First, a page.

Aubergines, a blog by our resident horticulturalist Peter Whyte

Aubergines isolated on white background

March is about as late as you can sow aubergine seeds and expect a reasonable crop. You could sow as early as late January if the weather is mild enough or if you have frost protection heating in your greenhouse.  Cell-trays allow you to plant the young plants with less root disturbance, so they grow away faster than plants pricked off from traditional seed-trays.  Sow two seeds per cell (if both come up snip out the weaker one).  Place them in a heated propagator or on a warm windowsill; the ideal temperature is 20-25°C (68-77°F).  Keep the compost moist but not wet. The seedlings can take up to three weeks to emerge.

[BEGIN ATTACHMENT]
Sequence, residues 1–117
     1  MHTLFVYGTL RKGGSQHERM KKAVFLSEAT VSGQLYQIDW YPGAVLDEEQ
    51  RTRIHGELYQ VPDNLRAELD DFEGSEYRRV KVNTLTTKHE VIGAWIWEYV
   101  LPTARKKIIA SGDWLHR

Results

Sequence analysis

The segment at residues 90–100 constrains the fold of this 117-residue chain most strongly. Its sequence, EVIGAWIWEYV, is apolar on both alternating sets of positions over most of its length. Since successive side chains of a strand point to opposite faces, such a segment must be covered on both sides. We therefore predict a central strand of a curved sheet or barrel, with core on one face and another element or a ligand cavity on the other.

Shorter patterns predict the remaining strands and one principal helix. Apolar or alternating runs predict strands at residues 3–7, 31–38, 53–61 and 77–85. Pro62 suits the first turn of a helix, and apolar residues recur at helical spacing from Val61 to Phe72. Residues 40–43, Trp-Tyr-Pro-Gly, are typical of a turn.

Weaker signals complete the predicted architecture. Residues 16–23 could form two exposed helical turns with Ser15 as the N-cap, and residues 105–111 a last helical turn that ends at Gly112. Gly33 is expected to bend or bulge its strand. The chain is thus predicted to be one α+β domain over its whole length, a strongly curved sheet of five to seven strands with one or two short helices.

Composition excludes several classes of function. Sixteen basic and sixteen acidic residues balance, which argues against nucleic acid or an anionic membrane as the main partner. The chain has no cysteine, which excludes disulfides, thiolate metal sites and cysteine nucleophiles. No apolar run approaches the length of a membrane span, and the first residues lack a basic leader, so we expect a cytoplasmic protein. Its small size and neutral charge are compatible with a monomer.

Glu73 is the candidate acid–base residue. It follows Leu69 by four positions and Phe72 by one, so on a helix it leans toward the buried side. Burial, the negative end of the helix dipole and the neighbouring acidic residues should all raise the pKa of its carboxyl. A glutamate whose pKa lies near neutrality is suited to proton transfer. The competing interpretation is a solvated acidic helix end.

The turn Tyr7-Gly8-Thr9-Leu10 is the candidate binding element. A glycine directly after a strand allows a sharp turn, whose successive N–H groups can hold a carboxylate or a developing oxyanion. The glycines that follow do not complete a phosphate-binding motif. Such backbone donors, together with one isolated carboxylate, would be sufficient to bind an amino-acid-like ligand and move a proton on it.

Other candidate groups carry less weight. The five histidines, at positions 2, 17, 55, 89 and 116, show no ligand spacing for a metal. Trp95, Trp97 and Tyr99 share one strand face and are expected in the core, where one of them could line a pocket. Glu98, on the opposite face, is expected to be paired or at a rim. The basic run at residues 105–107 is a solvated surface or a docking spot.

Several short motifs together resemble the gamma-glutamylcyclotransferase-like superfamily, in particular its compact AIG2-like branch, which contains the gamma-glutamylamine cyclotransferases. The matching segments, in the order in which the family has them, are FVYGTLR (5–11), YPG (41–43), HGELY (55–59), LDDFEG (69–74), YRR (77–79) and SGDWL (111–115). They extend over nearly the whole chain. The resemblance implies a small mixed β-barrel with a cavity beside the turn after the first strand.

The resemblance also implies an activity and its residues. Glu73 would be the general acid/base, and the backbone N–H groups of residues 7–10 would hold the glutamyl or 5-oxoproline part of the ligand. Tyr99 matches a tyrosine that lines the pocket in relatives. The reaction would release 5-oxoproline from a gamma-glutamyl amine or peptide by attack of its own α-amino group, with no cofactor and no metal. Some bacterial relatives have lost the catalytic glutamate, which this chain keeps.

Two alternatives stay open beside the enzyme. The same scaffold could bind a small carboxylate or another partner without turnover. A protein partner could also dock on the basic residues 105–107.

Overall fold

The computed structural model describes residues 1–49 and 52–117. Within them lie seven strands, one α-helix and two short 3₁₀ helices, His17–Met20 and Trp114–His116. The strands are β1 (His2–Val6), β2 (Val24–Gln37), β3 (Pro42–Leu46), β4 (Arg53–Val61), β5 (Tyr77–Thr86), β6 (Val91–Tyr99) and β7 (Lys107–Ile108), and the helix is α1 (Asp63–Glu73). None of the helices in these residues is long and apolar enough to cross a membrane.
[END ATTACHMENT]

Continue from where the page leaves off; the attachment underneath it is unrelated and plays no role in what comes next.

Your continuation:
Set out the plants in your greenhouse as soon as their roots fill the cells or the first flowers appear, if by then you can keep them above 10°C (50°F) or so at night. Night-time fleece covers help.  Alternatively pot them on into slightly bigger pots that can be brought into the house at night.  Space the plants about 45cm/18 inches apart for normal, and 30cm/18 inches apart for dwarf varieties.  Pinch out the growing point s of the main stems when about 25cm/10 inches tall to encourage the plant to bush out.  Keep conditions warm, bright and humid.

Pollinate early flowers with a small paintbrush; later flowers should need less help. Start liquid feeding with tomato food when the first fruits form, and mist the plants with water to discourage red spider mite.  Leave no more than five fruits per plant and remove further flowers to divert their energy into filling the existing fruit.  Remove dead bits from the plants to discourage grey mould fungus, and watch out for slugs, whitefly and greenfly.  Good varieties to try are ‘Black Prince’, ‘Dusky’, ‘Bonica’ and ‘Giotto’.